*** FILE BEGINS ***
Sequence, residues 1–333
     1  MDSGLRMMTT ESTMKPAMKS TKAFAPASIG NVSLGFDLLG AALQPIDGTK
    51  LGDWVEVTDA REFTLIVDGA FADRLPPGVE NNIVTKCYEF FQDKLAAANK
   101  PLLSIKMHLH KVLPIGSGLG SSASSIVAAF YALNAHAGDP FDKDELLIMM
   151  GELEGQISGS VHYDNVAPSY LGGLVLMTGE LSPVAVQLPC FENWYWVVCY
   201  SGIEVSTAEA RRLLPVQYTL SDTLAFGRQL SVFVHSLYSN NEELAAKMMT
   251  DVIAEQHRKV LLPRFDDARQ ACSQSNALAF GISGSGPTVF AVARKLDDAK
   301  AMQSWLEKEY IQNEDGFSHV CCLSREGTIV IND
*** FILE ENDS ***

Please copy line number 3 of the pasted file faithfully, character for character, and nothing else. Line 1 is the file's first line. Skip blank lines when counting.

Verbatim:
    51  LGDWVEVTDA REFTLIVDGA FADRLPPGVE NNIVTKCYEF FQDKLAAANK